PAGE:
My idea was to build a fanless Mini-ITX appliance that would grab content from my file server and play it using MPD (Music Player Dæmon). To control the appliance, I use lightTPD (a PHP-enabled Web server) and phpMp (a PHP application that controls MPD), running on the appliance. This gives any computer on the network with a Web browser the power to control the appliance. My controller of choice is a Nokia 770. Using Opera, which comes installed, I can point the browser to each of the appliances and control them over my wireless network.

Hardware for the Appliance

For the appliance, I chose to start with a VIA ML6000EA Mini-ITX motherboard. This board has many features that make it perfect for this type of appliance. The main one is the VIA 600MHz Eden fanless processor. This tiny processor is more than enough to push the applications, and it makes absolutely no noise. Other nice features include six-channel onboard audio, onboard LAN, support for 1GB of memory and a PCI slot.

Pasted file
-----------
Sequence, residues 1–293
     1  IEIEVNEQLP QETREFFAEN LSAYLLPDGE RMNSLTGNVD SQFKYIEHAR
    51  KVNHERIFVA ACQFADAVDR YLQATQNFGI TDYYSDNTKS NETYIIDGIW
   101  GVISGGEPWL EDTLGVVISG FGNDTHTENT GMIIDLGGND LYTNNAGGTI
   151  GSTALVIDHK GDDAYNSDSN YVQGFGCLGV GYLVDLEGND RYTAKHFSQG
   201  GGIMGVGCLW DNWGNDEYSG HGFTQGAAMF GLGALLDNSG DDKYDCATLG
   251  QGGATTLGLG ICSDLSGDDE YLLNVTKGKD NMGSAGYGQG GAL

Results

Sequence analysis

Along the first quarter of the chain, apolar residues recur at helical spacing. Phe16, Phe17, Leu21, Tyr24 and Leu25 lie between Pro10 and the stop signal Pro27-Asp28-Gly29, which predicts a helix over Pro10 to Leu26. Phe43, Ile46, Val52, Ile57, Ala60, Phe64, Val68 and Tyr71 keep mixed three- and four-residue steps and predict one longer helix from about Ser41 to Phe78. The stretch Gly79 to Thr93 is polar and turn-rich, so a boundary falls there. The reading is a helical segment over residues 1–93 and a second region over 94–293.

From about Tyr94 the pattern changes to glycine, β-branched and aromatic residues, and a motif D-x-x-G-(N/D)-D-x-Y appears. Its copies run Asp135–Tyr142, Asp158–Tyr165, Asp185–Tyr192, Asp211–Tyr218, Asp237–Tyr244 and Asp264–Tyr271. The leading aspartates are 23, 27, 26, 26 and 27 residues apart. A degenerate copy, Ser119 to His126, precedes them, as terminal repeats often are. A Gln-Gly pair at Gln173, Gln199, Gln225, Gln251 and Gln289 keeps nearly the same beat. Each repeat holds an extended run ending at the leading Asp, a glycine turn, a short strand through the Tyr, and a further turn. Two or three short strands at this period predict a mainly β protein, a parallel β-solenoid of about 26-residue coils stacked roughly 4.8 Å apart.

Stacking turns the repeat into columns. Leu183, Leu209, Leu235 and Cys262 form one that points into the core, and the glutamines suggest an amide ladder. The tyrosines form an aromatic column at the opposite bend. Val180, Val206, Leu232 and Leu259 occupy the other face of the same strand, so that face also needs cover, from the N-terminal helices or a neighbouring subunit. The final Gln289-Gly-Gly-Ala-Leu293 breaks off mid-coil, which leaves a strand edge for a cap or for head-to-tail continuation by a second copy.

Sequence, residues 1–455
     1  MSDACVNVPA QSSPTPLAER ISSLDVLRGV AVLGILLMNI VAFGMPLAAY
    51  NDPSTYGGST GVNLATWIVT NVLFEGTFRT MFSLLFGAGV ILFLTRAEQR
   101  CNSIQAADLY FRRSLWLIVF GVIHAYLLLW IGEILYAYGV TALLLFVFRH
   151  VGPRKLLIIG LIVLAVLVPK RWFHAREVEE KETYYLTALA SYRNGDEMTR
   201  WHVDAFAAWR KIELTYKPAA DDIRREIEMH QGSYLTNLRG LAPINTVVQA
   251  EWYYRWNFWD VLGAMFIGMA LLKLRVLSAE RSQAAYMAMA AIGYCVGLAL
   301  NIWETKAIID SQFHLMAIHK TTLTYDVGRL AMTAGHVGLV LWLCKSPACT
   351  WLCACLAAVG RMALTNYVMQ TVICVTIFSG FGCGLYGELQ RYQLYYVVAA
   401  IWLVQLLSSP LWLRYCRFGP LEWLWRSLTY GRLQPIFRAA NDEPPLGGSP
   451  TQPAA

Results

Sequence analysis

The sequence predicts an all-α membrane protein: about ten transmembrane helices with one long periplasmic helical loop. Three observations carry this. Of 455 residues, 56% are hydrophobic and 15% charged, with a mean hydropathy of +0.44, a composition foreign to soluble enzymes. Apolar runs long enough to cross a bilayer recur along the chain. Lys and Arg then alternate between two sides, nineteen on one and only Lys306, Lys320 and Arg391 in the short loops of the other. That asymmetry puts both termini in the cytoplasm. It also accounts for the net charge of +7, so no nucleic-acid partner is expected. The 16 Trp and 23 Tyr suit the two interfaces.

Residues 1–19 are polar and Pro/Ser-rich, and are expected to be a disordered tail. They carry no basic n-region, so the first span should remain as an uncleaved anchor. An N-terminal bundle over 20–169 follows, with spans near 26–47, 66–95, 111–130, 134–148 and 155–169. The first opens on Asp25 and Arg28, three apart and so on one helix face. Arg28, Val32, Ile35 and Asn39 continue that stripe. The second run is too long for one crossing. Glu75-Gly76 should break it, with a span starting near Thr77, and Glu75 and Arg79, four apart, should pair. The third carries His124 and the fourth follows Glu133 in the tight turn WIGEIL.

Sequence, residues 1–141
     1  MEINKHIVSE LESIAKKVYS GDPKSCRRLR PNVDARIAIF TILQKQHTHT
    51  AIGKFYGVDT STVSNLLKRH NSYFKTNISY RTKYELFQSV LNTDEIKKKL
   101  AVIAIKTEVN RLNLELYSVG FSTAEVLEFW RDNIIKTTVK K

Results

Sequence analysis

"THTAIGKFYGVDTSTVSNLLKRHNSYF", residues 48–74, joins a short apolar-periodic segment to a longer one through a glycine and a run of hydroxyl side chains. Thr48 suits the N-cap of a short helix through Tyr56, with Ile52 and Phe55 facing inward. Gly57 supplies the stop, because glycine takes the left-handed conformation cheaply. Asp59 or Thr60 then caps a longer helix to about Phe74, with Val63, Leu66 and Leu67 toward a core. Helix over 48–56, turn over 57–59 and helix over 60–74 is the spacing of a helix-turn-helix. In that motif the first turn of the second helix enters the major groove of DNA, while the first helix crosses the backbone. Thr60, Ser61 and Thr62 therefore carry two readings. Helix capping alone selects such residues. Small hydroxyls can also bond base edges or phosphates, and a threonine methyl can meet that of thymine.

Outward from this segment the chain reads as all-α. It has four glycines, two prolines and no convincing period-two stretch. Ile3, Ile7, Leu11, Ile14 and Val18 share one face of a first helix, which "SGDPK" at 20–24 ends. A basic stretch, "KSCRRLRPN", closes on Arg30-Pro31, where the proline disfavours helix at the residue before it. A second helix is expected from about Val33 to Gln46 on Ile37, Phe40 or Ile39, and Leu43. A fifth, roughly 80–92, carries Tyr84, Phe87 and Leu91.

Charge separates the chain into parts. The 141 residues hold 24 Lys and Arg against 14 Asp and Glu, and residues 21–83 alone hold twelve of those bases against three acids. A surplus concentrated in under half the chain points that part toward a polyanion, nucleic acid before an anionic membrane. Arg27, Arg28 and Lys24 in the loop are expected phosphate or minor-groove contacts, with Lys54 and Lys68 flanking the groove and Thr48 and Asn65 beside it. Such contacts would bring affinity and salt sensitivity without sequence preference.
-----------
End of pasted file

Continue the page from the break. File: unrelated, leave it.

Because I wanted the appliance to be silent, I decided to forgo a standard hard drive. Instead, I opted for a 256MB Flash drive that plugs directly in to a 40-pin IDE slot. The Flash drive also draws its power from a standard four-pin molex. I also added 256MB of DDR 400 memory to finish out the internals.

Figure 2. The Open Casetronic Case with Motherboard